I decided that I wanted to start another series on this website, this one being “films that have not aged well”. And I wanted to begin with the mother of all “didn’t age well” films: 1999’s Never Been Kissed.
Nothing about this film is okay now and shouldn’t have been okay then. Let me set the scene for you: Josie is a young reporter, about 25, who is chosen to go undercover at a high school to get a story. Josie, pretending to be a 17 year old, develops a crush on an actual 17 year old AND her teacher is clearly attracted to her even though he knows literally nothing about her being a 25 year old journalist. NOTHING ABOUT THIS FILM IS OKAY.
To add to the discomfort, every man in this film comments on the high school girls, saying things along the lines of “girls didn’t look like that when I was in high school”. I’m sorry, what? These are all girls who are underage. Why is it necessary to have nearly every male character comment on the way they look? It’s creepy.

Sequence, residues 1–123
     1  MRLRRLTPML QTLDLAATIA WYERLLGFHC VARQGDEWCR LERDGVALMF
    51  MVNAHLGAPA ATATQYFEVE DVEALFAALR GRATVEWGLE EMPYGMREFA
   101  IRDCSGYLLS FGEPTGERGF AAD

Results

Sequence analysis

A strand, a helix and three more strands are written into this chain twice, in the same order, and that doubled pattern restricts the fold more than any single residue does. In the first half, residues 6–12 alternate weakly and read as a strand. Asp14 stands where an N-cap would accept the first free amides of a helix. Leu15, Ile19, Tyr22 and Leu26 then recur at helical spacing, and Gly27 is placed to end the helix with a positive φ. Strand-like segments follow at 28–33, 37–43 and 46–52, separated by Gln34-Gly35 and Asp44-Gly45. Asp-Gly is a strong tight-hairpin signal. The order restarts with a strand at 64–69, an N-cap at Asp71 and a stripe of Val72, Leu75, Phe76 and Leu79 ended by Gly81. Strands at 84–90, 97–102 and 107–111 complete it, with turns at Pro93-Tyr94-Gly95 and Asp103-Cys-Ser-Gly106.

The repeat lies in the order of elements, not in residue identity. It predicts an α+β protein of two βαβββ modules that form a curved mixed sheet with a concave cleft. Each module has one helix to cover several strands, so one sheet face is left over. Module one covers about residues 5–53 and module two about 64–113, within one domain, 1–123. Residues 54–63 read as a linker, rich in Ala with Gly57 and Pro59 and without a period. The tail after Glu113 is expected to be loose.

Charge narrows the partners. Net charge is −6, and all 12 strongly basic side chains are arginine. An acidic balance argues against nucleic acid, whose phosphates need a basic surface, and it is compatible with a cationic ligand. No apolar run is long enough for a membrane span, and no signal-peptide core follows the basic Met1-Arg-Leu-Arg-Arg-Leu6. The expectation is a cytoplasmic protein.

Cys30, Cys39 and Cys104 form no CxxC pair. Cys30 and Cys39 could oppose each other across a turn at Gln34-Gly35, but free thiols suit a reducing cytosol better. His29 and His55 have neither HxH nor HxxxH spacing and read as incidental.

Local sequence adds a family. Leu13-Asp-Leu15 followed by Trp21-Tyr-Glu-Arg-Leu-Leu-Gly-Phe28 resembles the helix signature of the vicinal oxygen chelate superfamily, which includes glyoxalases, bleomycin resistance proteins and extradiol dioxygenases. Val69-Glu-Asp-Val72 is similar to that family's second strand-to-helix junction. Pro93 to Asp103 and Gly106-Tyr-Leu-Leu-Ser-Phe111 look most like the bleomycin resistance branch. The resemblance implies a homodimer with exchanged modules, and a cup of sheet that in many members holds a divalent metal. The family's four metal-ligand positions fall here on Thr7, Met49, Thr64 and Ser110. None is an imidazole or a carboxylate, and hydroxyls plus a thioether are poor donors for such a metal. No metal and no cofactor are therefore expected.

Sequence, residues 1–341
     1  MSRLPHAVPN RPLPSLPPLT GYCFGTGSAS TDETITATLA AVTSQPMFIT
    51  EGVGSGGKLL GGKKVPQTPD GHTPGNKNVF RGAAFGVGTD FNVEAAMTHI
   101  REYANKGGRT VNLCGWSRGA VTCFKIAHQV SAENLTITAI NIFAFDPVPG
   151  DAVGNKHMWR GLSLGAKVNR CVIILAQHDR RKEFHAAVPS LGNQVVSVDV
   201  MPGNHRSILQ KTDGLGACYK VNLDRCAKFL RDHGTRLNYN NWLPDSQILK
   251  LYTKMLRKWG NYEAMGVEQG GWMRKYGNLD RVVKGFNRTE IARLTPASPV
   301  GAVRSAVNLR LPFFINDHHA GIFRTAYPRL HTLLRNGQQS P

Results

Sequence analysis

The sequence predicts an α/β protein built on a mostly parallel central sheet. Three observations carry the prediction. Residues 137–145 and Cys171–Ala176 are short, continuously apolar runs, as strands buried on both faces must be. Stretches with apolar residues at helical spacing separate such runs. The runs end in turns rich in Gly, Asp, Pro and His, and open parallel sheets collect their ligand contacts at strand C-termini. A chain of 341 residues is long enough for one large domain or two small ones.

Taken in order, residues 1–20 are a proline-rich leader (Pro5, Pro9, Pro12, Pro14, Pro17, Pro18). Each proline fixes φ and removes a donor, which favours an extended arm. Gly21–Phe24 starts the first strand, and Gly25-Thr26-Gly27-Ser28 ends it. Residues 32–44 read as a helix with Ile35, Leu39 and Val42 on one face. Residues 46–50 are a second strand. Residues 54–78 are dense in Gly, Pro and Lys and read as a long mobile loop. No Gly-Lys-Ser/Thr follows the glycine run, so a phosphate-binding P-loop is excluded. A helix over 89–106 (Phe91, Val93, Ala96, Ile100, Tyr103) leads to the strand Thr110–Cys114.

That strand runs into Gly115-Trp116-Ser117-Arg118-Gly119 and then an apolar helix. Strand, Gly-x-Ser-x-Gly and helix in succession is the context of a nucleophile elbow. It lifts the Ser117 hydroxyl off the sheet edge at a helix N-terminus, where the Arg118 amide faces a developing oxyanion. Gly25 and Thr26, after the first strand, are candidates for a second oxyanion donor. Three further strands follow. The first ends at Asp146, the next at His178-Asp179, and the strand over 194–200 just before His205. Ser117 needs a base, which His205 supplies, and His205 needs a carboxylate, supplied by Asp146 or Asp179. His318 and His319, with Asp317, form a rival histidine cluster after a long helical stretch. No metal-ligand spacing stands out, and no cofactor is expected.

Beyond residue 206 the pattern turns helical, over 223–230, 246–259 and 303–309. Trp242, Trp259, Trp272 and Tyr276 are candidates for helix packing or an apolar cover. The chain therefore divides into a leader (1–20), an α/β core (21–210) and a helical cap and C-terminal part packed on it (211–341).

Every interaction Josie has with her teacher, Sam Coulson, is cringe-worthy. At one point, he’s watching her dance on stage at a Jamaican club. She’s slapping her ass and he’s smiling. Also, this entire scene feels so out of place for this film. It feels like somebody told the makers of this film that there were too many white people and they needed to fix it.
In another instance, Sam is confiding in Josie, who he thinks is his 17 YEAR OLD STUDENT, about his trouble, romantically. He knows what he’s saying is not appropriate. He even comments that at one point in the conversation. But, that doesn’t seem to stop him.
Josie’s brother, Rob, even re-enrolls in high school because he wants a do-over. He then, gets involved with a 16 year old girl.
Nobody in this film has a moral compass, and it is infuriating. This film should have been named “How to Get Fired From Your Job as a High School Teacher”. It’s such a shame that this cast is filled with so many people who went on to have very successful careers.
In the film, Rob makes a comment to Josie when they are both at a high school party: “I’ll see you around the cell block, Mrs. Robinson”. And that, I feel, sums up the entire film.